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What could a new Financial Conduct Authority (FCA) consultation on amendments to its consumer credit regime mean in practice? Harriet Milburn of Addleshaw Goddard LLP examines the detail of the proposals.
FCA proposes consumer guidance changes, LNB News 24/02/2015 79
Proposals on changes to consumer guidance on credit broking, guarantor lending, high-cost short-term credit, financial promotions, arrears, default and collection and mortgages are set out in a consultation from the FCA. The changes aim to address potential areas of harm to consumers. Other changes include clarifications and amendments to ensure the FCA’s rules clearly reflect its policy intention, and issues raised by firms and other stakeholders. Comments are requested by 6 May 2015.
What are the FCA’s proposals in this consultation?
The FCA proposes changes to the rules and guidance in CONC (and some other chapters of the handbook), ranging from minor clarificatory updates to more significant amendments that will require widespread process or documentation changes. The main areas of change fall into four categories: lending (including new requirements for firms to provide pre-contract information to and to assess the creditworthiness of guarantors under the relatively new concept of ‘guarantor loans’), financial promotions (including the removal of the exemption from the high-cost short-term credit risk warning and amendments to rules around prominence), debt management and arrears (allowing firms to introduce a continuous payment authority when exercising forbearance without the requirement for a regulated modifying agreement) and changes made necessary by the upcoming implementation of the Mortgage Credit Directive 2014/17/EU. The FCA also uses the consultation to seek views on whether to retain or amend the new rules in relation to credit broking that were introduced in January 2015 through PS14/18.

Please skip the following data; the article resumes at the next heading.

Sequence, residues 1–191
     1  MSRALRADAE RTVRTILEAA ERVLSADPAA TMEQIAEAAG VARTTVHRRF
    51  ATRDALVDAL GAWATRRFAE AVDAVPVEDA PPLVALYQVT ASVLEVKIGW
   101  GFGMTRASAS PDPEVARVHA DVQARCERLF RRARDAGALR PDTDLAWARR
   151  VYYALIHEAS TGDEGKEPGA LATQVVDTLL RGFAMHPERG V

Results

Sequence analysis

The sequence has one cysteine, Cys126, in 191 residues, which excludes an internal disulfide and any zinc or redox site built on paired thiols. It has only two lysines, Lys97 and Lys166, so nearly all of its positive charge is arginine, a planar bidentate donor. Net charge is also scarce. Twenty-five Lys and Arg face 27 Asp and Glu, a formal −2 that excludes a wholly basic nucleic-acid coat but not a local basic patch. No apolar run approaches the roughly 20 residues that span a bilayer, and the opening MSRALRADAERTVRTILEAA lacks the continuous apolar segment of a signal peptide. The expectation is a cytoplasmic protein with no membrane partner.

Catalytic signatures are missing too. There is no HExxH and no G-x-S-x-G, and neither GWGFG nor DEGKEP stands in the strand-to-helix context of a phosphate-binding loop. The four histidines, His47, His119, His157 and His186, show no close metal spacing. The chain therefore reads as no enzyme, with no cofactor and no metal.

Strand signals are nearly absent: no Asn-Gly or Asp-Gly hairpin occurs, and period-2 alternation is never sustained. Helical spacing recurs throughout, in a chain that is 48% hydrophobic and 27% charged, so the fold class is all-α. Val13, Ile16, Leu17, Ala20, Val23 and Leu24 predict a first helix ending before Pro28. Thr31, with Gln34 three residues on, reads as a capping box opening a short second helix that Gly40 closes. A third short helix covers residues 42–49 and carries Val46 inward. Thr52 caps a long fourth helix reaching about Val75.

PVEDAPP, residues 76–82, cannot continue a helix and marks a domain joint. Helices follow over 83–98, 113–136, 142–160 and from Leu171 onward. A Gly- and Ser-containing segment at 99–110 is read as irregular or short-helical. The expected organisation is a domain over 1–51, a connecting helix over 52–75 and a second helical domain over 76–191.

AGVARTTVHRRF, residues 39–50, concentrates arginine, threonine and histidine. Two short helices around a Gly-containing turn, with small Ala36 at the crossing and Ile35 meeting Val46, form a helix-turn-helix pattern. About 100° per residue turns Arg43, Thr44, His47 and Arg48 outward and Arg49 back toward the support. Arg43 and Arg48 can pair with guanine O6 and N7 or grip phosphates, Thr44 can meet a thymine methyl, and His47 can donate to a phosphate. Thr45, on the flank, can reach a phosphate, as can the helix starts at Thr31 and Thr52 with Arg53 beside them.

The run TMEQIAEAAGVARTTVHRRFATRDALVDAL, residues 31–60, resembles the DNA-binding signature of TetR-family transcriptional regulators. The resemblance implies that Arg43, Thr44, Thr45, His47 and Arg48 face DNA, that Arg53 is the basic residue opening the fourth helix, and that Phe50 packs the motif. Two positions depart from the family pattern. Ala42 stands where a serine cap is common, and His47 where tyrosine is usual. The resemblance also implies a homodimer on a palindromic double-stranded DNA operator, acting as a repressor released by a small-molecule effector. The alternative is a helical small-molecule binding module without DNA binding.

What is the purpose of the proposals?
The purpose of the proposals is to address concerns and queries that have arisen since the transfer of credit regulation from the Office of Fair Trading to the FCA in April last year. Following nearly one year of regulating of the credit market,
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